A FRESH, different and unfamiliar voice is being sought.

Entries are now open for the Bridport Prize 2019. This international creative writing competition attracts entries from across the globe and has helped launch the careers of writers such as Kate Atkinson, Helen Dunmore, Kit de Waal and Tobias Hill.

Judge Naomi Wood said: “I’m looking for a first novel that will keep me guessing, that will deliver tension in the story and pleasure in the sentences. Debuts in particular depend on voice: I’d love that voice to be fresh and different and unfamiliar.”

The flagship project of Bridport Arts Centre, the Bridport Prize, is much coveted by writers.

Founded in 1973, the Prize was established with the dual aim of raising funds for the fledgling arts centre and providing a platform for emerging writers.

Forty-seven years later it has an international reputation and attracts entries from across the globe each year with its prestigious judges and generous prize money. In 2018 more than 12,500 entries were received from 79 countries from as far away as New Zealand, Bangladesh, Peru, Nigeria, and Canada.

The competition has four categories: poetry, short stories, flash fiction (very, very short stories of 250 words or fewer) and the Peggy Chapman-Andrews Award for a First Novel, named in honour of the Prize’s founder.

The novel award is run in partnership with the London based literary agency A. M. Heath and the manuscript appraisal company The Literary Consultancy. It’s currently open to writers in the UK and Republic of Ireland while the other three strands are open to UK and international entrants.

There is a top prize of £5,000 for the winner of the poetry and short story categories. The flash fiction winner receives £1,000 and the winner of the novel award receives £1,000 plus up to a year’s mentoring from The Literary Consultancy through its Chapter & Verse mentoring scheme (worth £2,340).

The top poems, short stories and flash fiction stories are published in an anthology which is unveiled at the prize-giving ceremony held at the arts centre each October. An exciting development for 2019 will see the publication of a second anthology alongside this containing extracts from the twenty long-listed novels.

For local writers there is an additional prize, The Dorset Award, sponsored by The Bookshop, Bridport. This offers a cash prize and publication in the anthology to the highest placed writer from Dorset in the competition each year. In 2018 this was won by Simon Middleton from Bridport for his poem ‘Space was a material’.

The judges for 2019 are Hollie McNish for poetry, Kirsty Logan for short stories and flash fiction and Naomi Wood for the novel award.

Hollie McNish has published three poetry collections Papers, Cherry Pie and Plum, and one poetic memoir on politics and parenthood, Nobody Told Me, of which the Scotsman suggested “The world needs this book” and for which she won the Ted Hughes Award. In 2017 Nobody Told Me was translated into German, French and Spanish and released in the USA. In 2016 she co-wrote a play Offside with Sabrina Mahfouz, relating the two hundred year history of UK women’s football. Her poetry videos have attracted millions of views worldwide. She is currently working on a new collection of poems and stories.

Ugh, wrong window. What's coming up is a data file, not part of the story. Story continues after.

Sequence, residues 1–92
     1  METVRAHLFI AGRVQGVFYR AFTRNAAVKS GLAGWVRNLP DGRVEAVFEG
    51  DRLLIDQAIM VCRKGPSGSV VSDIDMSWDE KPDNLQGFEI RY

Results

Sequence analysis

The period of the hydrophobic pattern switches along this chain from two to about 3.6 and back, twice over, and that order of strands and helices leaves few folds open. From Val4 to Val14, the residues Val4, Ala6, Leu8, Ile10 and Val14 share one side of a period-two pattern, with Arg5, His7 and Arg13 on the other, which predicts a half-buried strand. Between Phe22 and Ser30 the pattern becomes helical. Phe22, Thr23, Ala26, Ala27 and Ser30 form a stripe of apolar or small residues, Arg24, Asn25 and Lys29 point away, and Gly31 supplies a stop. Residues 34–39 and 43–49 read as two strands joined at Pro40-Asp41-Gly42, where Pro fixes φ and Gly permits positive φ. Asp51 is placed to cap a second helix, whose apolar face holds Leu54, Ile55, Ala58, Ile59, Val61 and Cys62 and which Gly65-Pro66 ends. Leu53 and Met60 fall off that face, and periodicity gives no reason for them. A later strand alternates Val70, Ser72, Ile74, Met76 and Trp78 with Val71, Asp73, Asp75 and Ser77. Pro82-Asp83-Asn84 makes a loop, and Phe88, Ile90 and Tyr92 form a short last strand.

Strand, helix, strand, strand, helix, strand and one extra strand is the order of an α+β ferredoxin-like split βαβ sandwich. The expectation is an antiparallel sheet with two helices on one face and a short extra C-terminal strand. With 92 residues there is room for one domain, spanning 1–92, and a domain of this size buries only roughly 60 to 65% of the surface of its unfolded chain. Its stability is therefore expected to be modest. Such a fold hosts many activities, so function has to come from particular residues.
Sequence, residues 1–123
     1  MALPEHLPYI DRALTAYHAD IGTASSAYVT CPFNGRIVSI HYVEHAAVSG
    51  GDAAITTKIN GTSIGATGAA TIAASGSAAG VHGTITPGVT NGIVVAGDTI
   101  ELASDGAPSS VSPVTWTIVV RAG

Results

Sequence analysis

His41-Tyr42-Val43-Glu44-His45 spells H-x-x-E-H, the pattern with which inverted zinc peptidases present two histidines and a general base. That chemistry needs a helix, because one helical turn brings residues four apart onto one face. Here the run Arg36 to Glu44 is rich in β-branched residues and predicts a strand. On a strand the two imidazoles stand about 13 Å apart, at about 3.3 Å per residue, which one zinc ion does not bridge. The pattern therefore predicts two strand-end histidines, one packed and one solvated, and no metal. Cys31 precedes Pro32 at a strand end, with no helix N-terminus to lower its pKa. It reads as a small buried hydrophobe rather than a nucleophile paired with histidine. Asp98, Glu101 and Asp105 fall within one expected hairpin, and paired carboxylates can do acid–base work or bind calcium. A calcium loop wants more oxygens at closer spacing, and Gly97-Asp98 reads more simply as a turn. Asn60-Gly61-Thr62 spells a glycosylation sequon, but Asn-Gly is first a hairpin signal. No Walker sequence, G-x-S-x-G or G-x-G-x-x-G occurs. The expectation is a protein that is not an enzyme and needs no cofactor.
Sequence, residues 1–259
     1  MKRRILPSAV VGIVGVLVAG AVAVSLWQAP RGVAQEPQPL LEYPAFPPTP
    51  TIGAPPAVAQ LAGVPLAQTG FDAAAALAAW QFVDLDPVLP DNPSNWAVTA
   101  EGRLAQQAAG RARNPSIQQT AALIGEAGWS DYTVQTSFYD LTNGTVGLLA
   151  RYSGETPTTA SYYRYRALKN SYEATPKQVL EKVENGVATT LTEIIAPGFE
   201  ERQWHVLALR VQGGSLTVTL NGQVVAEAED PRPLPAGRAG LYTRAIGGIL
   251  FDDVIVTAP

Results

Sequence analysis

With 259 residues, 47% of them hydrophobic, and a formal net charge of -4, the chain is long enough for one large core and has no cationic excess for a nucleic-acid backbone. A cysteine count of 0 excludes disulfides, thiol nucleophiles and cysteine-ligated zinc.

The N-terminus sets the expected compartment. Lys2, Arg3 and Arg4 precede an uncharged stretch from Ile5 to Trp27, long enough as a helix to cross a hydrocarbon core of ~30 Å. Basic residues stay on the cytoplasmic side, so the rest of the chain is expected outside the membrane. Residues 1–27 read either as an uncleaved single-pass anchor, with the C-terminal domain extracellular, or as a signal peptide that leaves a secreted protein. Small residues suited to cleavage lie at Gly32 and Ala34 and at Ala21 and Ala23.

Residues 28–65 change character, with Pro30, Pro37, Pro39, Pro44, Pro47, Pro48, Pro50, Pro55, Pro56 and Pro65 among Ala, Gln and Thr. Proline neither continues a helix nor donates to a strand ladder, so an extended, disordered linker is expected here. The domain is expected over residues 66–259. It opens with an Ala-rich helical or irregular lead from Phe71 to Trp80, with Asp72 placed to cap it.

Kirsty Logan is the author of the novels The Gloaming and The Gracekeepers, short story collections A Portable Shelter and The Rental Heart & Other Fairytales, flash fiction chapbook The Psychology of Animals Swallowed Alive, and short memoir The Old Asylum in the Woods at the Edge of the Town Where I Grew Up. Her books won the Lambda Literary Award, Polari Prize, Saboteur Award, Scott Prize and Gavin Wallace Fellowship. Her work has been translated into Japanese and Spanish, recorded for radio and podcasts, exhibited in galleries and distributed from a vintage Wurlitzer cigarette machine. She lives in Glasgow with her wife.

Naomi Wood is the author of The Godless Boys (Picador, 2011) and the award-winning Mrs. Hemingway (Picador, 2014) which won the British Library Writers Award, the Jerwood Fiction Uncovered Award, was shortlisted for the International Dylan Thomas Award, and was a Richard and Judy book-club choice. Her third novel, The Hiding Game, is set in the Bauhaus art school in1920s Germany, and will be published in the Bauhaus centenary year by Picador in 2019. Her work is available in sixteen languages. She teaches at UEA and lives in Norwich with her family.

The 2019 competition is open until May 31. Submissions can be made by online at bridportprize.org.uk or by post by downloading a postal entry form from the website. The winners and shortlisted writers will be contacted during September.